What led me into thinking about this issue was that,since every linear quantity in mechanics has a rotational analogue,(and vice versa),which are similar in their properties,this property of rotational inertia that it can be varied in magnitude,may also exist in linear inertia.

    Ofcourse,this isn't exactly a property as such.Anyway,the example of the rocket provides the best comparison.

    Thankyou very much!!
  10. Jul 19, 2009 #9
    I've just 2 more regions in regard to rotational inertia to clear up.The first one,I'd like to speak of here.....
    During the derivation of various expressions related to rotational mechanics (e.g. the expression for net rotational kinetic energy of a body, derivation for net torque acting on a body),as done in my book, the expression of moment of inertia (I=mr^2) suddenly springs out,after we sum the individual kinetic energies or torques acting upon the infinitesimal particles (depending on the derivation we're doing).

    Then,the book says,that since the formulae for rotational mechanics and linear mechanics are similar,except that 'mass' is replaced by 'moment of inertia',moment of inertia is called the rotational analogue of mass.

    Is this just by coincidence,since as I said, the expression for moment of inertia just springs up incidentally in almost all derivations--or is there any bigger reason for this?

    I've been told that these can be explained by lagrangian dynamics and noether's theorem,but surely there must be a simpler and more 'physical' way of explaining it!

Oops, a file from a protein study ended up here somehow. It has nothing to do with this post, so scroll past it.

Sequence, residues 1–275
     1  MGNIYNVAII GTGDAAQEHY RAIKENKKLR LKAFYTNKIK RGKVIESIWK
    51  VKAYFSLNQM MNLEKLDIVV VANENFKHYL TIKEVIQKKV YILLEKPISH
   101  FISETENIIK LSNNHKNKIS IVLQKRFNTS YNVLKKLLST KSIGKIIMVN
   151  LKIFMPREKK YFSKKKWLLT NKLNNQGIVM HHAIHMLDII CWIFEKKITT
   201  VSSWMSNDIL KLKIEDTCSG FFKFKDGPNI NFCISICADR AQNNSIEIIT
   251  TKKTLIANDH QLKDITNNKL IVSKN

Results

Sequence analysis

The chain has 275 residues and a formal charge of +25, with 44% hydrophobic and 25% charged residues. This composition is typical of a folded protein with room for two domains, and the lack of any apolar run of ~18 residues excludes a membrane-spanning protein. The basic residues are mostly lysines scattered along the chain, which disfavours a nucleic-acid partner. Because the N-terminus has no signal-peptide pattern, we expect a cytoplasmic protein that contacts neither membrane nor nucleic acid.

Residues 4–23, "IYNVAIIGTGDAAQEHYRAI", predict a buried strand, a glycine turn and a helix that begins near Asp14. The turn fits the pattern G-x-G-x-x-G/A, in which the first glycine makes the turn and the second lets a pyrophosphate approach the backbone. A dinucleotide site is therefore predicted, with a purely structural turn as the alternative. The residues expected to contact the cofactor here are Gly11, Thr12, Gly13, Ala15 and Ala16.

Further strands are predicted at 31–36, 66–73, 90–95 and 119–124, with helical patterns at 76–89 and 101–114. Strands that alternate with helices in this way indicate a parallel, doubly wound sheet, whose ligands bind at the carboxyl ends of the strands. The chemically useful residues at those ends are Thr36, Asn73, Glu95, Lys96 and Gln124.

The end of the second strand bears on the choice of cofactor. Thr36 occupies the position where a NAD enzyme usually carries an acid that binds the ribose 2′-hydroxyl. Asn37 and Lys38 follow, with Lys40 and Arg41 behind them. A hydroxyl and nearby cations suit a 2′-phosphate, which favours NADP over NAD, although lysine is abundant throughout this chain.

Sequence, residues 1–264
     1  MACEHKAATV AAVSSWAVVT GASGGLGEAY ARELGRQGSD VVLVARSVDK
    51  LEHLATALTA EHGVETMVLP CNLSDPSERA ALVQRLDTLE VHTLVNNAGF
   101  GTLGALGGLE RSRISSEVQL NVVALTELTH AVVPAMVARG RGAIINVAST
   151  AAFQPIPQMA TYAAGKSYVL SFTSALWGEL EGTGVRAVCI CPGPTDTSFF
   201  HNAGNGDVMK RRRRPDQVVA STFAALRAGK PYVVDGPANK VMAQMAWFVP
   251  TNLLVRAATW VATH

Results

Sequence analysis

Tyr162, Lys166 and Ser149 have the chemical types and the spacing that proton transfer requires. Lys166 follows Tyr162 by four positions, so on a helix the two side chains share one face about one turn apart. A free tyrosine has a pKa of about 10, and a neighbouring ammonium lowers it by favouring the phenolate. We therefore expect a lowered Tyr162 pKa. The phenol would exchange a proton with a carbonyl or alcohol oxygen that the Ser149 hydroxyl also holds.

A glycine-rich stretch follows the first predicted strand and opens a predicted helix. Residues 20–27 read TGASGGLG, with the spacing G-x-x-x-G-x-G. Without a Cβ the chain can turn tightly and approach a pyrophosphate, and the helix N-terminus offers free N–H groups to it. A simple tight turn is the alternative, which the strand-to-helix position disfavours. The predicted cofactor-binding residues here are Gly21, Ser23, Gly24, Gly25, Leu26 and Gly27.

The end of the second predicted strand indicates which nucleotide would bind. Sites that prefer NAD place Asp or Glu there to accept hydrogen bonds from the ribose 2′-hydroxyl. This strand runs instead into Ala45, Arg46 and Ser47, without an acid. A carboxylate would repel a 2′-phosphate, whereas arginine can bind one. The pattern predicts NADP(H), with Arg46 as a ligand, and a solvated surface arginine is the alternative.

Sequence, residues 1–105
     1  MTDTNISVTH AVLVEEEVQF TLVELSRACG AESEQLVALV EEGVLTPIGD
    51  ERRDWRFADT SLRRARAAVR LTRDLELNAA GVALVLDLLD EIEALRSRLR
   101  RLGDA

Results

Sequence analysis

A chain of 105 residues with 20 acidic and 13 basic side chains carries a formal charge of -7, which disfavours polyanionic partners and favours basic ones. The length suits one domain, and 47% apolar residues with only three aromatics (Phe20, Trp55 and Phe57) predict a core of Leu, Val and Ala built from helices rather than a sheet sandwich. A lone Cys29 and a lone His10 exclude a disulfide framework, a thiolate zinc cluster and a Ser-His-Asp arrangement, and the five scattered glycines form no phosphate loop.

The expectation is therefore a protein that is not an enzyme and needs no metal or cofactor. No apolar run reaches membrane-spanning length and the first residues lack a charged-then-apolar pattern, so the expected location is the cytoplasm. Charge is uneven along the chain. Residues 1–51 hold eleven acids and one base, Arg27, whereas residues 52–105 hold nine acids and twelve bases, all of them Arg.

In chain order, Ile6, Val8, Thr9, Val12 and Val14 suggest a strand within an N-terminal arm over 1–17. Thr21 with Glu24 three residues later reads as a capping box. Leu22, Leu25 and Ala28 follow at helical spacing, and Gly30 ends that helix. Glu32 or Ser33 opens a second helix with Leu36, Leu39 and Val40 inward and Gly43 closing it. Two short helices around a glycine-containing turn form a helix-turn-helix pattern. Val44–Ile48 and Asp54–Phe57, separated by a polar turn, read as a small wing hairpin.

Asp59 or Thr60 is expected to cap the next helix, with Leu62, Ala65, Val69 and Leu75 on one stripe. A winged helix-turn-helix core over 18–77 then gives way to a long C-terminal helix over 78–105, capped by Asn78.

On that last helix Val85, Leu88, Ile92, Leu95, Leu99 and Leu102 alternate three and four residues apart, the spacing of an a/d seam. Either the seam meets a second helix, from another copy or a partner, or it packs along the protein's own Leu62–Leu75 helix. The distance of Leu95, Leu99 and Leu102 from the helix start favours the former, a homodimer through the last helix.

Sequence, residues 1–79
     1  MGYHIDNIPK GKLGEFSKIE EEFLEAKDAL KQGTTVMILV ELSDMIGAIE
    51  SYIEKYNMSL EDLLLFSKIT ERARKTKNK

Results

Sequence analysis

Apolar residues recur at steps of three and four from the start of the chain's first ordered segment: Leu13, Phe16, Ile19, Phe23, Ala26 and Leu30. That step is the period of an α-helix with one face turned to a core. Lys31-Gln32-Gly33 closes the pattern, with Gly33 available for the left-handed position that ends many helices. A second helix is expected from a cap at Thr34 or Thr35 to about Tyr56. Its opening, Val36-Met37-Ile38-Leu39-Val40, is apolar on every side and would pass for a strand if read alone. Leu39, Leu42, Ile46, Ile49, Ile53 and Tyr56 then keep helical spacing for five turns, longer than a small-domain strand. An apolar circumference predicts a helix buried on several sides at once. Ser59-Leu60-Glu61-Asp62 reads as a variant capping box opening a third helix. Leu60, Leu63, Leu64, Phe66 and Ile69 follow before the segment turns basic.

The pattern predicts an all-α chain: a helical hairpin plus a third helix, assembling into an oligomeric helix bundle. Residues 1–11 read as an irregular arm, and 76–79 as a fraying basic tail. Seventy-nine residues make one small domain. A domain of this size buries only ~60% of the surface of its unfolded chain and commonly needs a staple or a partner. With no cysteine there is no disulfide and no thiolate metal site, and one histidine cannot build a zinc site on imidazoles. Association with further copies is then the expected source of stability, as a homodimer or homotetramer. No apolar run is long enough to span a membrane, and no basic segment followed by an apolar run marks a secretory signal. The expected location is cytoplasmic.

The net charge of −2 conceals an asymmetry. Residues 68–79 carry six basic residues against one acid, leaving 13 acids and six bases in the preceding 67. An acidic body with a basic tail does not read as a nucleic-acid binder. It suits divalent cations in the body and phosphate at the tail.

I just want a logical, intuitive idea of it,that's all.
  11. Jul 20, 2009 #10
    I'll just put forward my last problem,just in case anyone can help me with this one instead....I have brief descriptions of the parallel and perpendicular axes,and then my doubts.

    "The parallel axis theorem allows you to compute the moment of inertia of an object more easily. In many cases you'll consider there is a particularly easy axis about which to compute the moment of inertia, which is parallel to the axis you actually want to find the m.o.i about. Well by the parallel axis theorem you do the easy one and then 'shift' the axis to the one you want."

    ------This 'shift' occurs only by adding Md^2 to the m.o.i about the original axis,(where M is mass of object and d is distance between original axis and new one).

    Except for the mathematical proof,there seems to be no substantiation for this theorem.What is the term Md^2, separately?Is there no way we can arrive at this theorem by physical reasoning?

    "Similarly for the perpendicular axis theorem, for planar (ie 2d) objects sometimes its easier to compute the moi about axes in the plane and then use the theorem to get the moi for an axis perpendicular. In the case of symmetric planar objects you get things like I_x = I_y = (1/2)I_z, which means you only need to find the moi about one axis and you have them about the other 2 perpendicular directions"

    -----Again,is there any way we can arrive at this by reasoning...I mean,what would one say if I asked why the m.o.i about one axis is equal to the sum of the moi's about two of its perpendicular axes?

    I found the proofs in my book...but as you probably realise,that's not exactly what I'm looking for.

    (m.o.i= moment of inertia)
  12. Jul 21, 2009 #11


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    parallel axis theorem

    No, there is only one parallel axis for which adding md2 works … the axis through the centre of mass. :wink:
  13. Jul 21, 2009 #12